Once upon a time I ran a news site, now I just have opinions on the news. 

Good morning, RVA: A schools funding plan, after-school programs, and slot machines

Good morning, RVA! It's 62 °F, which seems kind of warm for winter. Rain may continue on and off throughout the morning, after which things should clear up a bit. As for the final week of 2018, looks pretty warm and mostly sunny. Not too shabby!

Water cooler

Remember how I spent the better part of the summer complaining about Paul Goldman’s unnecessary ballot referendum? Well, that unnecessary ballot referendum passed in November, and, with it, a December 31st deadline for the Mayor to present a plan to fully fund Richmond Public Schools’ capital needs without raising taxes or—and I always thought this part was overly dramatic—DECLARE IT IMPOSSIBLE. Well, impossibility be damned!, the mayor has delivered that plan ahead of schedule. If you were to ask me how to fully fund $800 million of school-related capital needs without raising taxes and with the City’s debt limit maxed out until 2024, I would have said “Uhhh, I guess we just wait until 2024 and then borrow some more money as our debt capacity opens up? Boom?” And, lo, this is what the plan appears to be. To me, this mostly seems like a Paul Goldman-required waste of time and something that could easily change because of a 1,001 future factors—things like school closings and rezonings, increased funding from the state, the mysterious fate of the proposed Coliseum redevelopment, or a set of elected officials willing to restore the property tax back to pre-Recession levels. As I’ve said in this space a trillion times before, I am often too dumb to understand municipal finance, so take everything I just said with a grain of salt. I’m more than willing—nay, excited—for folks to correct me on how this all intends to work.

Because there always forevermore must be Coliseum news, Ben Paviour at WCVE has a nice look at the history of the current Coliseum—including a few neat, old pictures that are worth your time.

Ali Rockett at the Richmond Times-Dispatch has a farewell interview with the now former Richmond Police Chief Alfred Durham. Replacing Durham will be one of the Big-Deal Decisions Mayor Stoney needs to make in 2019.

Earlier this year the Mayor and Richmond’s philanthropic community made a commitment to expand after-school programs for our City’s public school students. Justin Mattingly at the Richmond Times-Dispatch has the update on that initiative, which seems like it’s going pretty well.

I’m going to link to this new study out of VCU’s Center for Urban and Regional Analysis that looks at the impact of this past summer’s redesign of Richmond’s bus routes (PDF) mostly because it’d be weird not to. However, I’m not going to say much about it, though, because some of the maps really don’t make a lot of sense to me, and I have some concerns about the framing. I’ve got an email out to the folks involved to see if they can help me learn more about their methodology and intent behind the report.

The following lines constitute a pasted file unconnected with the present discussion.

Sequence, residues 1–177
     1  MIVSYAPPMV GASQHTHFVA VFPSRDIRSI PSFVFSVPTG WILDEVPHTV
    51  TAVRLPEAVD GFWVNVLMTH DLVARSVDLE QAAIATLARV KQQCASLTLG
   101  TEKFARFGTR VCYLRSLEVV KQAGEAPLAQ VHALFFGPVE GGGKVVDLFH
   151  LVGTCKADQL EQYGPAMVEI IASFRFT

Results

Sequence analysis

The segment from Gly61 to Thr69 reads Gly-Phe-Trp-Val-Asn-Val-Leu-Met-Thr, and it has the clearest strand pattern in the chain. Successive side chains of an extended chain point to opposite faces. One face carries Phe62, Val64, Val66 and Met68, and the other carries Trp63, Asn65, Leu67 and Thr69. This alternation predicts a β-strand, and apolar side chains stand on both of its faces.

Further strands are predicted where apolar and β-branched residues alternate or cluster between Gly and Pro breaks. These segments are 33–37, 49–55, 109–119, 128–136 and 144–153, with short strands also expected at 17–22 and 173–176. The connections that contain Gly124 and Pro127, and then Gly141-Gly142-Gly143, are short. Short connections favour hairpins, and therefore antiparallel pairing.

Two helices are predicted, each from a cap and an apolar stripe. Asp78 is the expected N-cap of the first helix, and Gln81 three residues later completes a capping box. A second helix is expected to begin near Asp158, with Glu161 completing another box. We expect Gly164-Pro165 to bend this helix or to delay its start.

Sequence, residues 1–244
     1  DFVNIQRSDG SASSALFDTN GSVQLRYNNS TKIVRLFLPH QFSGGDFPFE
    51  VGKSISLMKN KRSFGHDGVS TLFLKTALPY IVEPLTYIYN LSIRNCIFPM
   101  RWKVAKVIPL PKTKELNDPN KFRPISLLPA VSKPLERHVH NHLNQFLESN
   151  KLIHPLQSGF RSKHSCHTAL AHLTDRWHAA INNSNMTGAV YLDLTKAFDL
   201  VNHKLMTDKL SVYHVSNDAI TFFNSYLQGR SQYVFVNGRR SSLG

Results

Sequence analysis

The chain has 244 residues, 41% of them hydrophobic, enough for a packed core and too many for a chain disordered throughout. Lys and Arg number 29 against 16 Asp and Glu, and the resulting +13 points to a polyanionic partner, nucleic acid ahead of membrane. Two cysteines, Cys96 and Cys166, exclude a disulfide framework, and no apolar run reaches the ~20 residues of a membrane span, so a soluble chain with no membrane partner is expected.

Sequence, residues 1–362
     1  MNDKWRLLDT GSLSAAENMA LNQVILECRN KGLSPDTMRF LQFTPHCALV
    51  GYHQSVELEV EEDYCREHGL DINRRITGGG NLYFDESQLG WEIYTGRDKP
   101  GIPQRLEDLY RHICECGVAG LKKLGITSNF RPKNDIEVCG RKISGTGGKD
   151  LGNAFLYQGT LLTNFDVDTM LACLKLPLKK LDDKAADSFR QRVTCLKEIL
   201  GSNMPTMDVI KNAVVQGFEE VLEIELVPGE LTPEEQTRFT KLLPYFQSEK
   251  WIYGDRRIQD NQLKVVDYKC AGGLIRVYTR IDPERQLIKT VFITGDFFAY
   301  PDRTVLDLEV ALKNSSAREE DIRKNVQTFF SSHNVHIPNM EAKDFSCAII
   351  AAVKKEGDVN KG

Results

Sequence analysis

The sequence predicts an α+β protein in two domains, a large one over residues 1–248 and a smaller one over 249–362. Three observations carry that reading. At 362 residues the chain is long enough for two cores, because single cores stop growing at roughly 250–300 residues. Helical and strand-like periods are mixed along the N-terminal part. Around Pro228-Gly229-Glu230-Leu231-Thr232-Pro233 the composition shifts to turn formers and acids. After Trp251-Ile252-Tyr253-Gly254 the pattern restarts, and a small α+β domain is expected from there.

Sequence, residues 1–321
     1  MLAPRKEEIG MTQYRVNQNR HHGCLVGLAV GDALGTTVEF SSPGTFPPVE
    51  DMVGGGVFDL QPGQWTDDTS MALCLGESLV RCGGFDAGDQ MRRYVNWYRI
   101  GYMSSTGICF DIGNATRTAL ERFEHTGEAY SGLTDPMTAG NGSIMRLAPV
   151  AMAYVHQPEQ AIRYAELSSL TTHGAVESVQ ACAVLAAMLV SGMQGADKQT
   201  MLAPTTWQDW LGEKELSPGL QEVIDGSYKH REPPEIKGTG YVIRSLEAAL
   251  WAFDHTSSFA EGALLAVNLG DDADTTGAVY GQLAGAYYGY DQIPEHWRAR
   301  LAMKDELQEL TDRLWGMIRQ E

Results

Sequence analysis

Ned Oliver at the Virginia Mercury has some interesting details on the “skill games” you see at corner stores and in bars that look and function exactly like slot machines. I’m not a person who gambles and agree with Omari over on Twitter, that these things are probably pretty poisonous to their neighborhoods. But, I guess I’m willing to listen to counter arguments from folks who love these things that are clearly gambling despite what their manufacturers and lobbyist insist.

Cars, y’all! Here’s a video of one that just...caught on fire in Carytown? Scroll down a bit in that thread to read the owners comments about how it just randomly CAUGHT ON FIRE IN CARYTOWN??

A logistical note! It is the end of the year, and Good Morning, RVA will be taking a holiday break until 2019. If I find myself with an incredible amount of downtime and and irresistible desire to email several thousand people, I may put together a end-of-year recap. But no promises! The inertia of slow mornings with lots of coffee, a huge stack of PDFs, and a video of a fire playing on Netflix may just be too much to overcome. Either way, 2018 has been both an incredibly long and fascinatingly short year, and I’m very thankful for all of you who spent a few minutes each morning waking up and working through the what’s what of the day with me. See you in 2019!

This morning's longread

For the First Time in More Than 20 Years, Copyrighted Works Will Enter the Public Domain

In 2019 we get an entire year of material added into the public domain! That’s exciting and something I’ve been looking forward to ever since I read Lawrence Lessig’s book Free Culture, like, 15 years ago. You can download and read Free Culture for free, and you’ll understand why after reading it!

We can blame Mickey Mouse for the long wait. In 1998, Disney was one of the loudest in a choir of corporate voices advocating for longer copyright protections. At the time, all works published before January 1, 1978, were entitled to copyright protection for 75 years; all author’s works published on or after that date were under copyright for the lifetime of the creator, plus 50 years. Steamboat Willie, featuring Mickey Mouse’s first appearance on screen, in 1928, was set to enter the public domain in 2004. At the urging of Disney and others, Congress passed the Sonny Bono Copyright Term Extension Act, named for the late singer, songwriter and California representative, adding 20 years to the copyright term. Mickey would be protected until 2024—and no copyrighted work would enter the public domain again until 2019, creating a bizarre 20-year hiatus between the release of works from 1922 and those from 1923.

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Good morning, RVA: A temporary chief, river updates, and 40 local albums

Good morning, RVA: New schools on the way, pipeline updates, and episode 62